It’s the day after I have committed myself to applying for a Fulbright fellowship to Cyprus, and I am in the steep, warm ascent from deep-sleep to almost-awake sleep when I start to hear a slithery sliding sound. My eyes are still cloaked in warm red ember-colored glowing curtains (a.k.a. my inner eyelids) but I know that there is something that is traversing the space between reality outside of me and dreamland inside of me. I hear – sliding. I wish it would go away, as today will be a long day, and I have an important lecture to give. But soft wafts of silk seem to be caressing my face and after several tries, I am able to open my eyes to see what’s what I am met with beyaz kurdelelerinin (white ribbons) all over the place.
“Ah – she’s awake!” Esma the hippie puppet cries out – and I can see all of the ladies of the Karagöz puppet troupe lined up on the bookshelf at the other end of the room – watching me awake in between volumes of modern art tomes, feminist theory, travel memoirs, histories of World War I and Tin Tin books in French (somehow, this mix explains M. and I). “Why,” I think to myself, “are all the lady puppets over there – and what are all of these white ribbons doing hanging from the ceiling?”
Before I can locate the answer in the asleep part of my brain that remembers that I have had skeins of white ribbon in my house for weeks now, I realize that the male puppets are repelling down the ribbons onto my pillow. Hacivad Bey speaks for the group, saying “we have been watching you, m’lady, prepare your talk on intimate partner violence against women with disabilities for a special lecture during anti-violence week at your university, and we have learned about this thing called the White Ribbon Campaign and because we Ottoman shadow puppets are very interested in our life here in America, we are trying out something new for us, talking about the un-mentionable.”
Mercan Bey, the spice trader from the Arabian Penninsula was next to speak, wafts of cardamom swished around him as he made it to the bottom of his ribbon, and he said “we have learned that this campaign began after a terrible terrible day, at the École Polytechnique in Canada in1989, where 14 women were killed by an anti-feminist shooter. More specifically, we have learned that after this shooting, a men’s movement appeared in Canada, where men wearing the white ribbon were standing up against violence against women. The men of this troupe – even oppositional Karagöz who never likes to go with the flow of the whole – have decided to embrace the idea behind the White Ribbon Campaign. At first we men just watched the little chorus of dancing lady puppets make some of those pinned ribbons for you – remember that there is a whole batch ready on your dining room table, m’lady.”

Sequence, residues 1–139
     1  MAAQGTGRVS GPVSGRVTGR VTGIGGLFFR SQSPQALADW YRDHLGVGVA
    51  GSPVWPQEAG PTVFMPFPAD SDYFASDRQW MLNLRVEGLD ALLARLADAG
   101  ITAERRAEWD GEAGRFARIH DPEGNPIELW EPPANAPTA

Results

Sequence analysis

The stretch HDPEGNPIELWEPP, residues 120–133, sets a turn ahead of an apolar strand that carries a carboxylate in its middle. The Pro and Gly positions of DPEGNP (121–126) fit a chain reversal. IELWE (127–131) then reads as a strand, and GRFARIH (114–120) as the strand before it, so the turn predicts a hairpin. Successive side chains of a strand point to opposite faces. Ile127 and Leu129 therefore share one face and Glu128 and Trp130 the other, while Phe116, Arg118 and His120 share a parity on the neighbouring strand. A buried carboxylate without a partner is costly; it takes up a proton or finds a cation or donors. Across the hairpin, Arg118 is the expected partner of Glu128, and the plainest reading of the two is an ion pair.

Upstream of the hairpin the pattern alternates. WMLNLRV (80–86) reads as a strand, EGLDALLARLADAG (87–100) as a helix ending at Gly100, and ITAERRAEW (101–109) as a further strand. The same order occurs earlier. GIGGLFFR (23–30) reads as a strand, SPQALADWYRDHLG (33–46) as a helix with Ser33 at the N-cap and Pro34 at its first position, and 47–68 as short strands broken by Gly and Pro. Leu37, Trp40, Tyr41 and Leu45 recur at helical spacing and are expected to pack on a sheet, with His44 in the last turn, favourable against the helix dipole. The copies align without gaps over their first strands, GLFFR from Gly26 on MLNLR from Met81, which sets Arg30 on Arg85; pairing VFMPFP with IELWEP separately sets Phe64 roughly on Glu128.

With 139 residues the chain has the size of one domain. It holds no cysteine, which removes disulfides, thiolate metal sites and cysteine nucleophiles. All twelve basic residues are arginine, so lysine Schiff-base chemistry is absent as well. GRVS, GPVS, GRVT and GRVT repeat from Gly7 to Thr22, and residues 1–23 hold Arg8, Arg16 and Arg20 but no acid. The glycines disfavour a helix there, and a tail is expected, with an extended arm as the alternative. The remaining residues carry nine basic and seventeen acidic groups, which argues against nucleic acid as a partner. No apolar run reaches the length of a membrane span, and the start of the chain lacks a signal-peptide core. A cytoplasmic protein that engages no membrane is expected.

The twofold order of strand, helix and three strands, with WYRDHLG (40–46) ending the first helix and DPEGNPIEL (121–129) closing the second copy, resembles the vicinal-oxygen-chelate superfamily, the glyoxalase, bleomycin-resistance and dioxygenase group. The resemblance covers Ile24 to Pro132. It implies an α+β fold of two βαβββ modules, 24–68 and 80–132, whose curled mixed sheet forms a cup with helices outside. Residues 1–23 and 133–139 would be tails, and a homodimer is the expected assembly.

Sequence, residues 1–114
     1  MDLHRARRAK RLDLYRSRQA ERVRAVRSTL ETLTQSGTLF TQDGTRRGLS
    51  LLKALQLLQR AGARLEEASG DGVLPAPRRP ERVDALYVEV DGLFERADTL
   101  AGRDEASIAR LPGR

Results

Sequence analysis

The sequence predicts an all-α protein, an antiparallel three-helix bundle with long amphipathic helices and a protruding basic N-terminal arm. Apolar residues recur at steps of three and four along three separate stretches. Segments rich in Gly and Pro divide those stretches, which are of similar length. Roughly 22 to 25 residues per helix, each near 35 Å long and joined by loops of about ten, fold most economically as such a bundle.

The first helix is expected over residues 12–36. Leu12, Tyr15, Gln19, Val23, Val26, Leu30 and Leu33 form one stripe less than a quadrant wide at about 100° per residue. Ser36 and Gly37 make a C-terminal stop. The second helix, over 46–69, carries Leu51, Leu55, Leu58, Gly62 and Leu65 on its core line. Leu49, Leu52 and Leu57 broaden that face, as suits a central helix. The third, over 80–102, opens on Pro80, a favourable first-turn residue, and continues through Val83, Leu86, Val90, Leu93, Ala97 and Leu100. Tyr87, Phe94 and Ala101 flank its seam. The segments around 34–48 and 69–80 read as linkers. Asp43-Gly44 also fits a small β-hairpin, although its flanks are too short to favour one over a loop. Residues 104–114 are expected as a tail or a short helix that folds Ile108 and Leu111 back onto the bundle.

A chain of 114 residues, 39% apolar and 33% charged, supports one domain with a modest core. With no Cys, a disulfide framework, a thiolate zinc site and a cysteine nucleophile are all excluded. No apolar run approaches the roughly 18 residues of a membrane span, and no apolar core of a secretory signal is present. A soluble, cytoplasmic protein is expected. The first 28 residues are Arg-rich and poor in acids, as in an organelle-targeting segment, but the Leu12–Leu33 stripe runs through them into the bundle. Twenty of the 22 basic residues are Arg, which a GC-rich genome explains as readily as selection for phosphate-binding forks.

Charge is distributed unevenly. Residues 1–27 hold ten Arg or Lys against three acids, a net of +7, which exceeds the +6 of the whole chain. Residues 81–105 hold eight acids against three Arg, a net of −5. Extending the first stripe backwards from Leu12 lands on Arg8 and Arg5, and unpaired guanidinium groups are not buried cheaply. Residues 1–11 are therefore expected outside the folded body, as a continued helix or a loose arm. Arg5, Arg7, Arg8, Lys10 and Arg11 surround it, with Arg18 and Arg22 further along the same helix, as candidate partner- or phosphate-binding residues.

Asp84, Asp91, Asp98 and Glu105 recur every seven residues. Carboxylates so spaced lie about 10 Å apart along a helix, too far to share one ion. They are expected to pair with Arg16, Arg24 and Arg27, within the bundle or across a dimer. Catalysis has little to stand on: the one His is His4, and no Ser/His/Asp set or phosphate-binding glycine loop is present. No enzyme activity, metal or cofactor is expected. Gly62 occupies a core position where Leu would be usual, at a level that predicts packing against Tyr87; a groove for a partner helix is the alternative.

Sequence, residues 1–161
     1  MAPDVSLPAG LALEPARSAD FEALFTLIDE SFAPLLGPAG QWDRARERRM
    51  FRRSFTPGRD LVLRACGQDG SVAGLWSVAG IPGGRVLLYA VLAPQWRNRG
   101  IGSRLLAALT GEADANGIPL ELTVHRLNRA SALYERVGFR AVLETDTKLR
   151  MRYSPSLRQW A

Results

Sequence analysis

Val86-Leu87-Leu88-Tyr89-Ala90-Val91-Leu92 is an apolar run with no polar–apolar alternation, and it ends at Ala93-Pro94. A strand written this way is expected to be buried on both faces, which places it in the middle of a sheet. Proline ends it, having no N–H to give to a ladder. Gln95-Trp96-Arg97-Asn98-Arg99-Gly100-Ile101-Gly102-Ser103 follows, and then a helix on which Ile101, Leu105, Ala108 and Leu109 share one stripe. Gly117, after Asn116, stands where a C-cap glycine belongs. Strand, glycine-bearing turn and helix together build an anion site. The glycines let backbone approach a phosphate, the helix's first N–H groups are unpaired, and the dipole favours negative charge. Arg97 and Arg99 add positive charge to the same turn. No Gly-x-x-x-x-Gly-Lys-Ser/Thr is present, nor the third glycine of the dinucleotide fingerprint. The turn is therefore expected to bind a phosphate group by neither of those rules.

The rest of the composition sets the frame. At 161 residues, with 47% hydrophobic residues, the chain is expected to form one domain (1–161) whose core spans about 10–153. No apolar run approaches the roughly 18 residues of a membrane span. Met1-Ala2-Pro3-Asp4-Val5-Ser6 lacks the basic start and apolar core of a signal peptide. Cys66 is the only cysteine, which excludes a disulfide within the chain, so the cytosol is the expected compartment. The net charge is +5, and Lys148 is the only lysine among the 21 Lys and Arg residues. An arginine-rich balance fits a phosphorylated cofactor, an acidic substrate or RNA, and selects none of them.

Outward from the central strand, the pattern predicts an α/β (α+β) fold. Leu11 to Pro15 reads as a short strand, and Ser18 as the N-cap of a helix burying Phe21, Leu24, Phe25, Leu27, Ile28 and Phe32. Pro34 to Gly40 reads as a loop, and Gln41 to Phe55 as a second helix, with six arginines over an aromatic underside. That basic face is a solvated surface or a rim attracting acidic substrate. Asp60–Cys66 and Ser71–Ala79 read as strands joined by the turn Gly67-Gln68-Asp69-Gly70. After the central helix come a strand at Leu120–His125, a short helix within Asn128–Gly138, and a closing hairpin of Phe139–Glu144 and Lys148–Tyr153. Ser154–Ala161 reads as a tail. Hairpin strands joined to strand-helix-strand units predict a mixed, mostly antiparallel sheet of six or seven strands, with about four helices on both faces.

Bebe Ruhi, the last to swish down his ribbon from the ceiling (man, these puppets really know how to make an entrance), stepped before Mercan Bey, but gave him a loving hug along the way before saying “BUT, after we saw M. pick up one of those ribbons and put it on his jacket to wear ALL WEEK, well, we were inspired. We know that violence against women is a major problem in modern-day Turkey – some say 50+ percent of all women experience intimate partner violence there. We know that there is a movement underway back home – and we know that there is even a Turkish all-female movie cast addressing this back home – but we want to do our part too. We want to be part of the solution, not part of the problem, so we have taken the White Ribbon Campaign pledge (see below) and we are spreading the word back all the way to Turkiye, through shadow puppet means, about the need for people to take a stand on this. We also think that it should be about everyone – not just violence against women – but we get why this focus is needed now, and it saddens us. We may be skeptical of all of these ribbons symbolizing all of these things – but that does not belie the importance of all this. We want you to ask your dear readers – will you take the pledge as well?”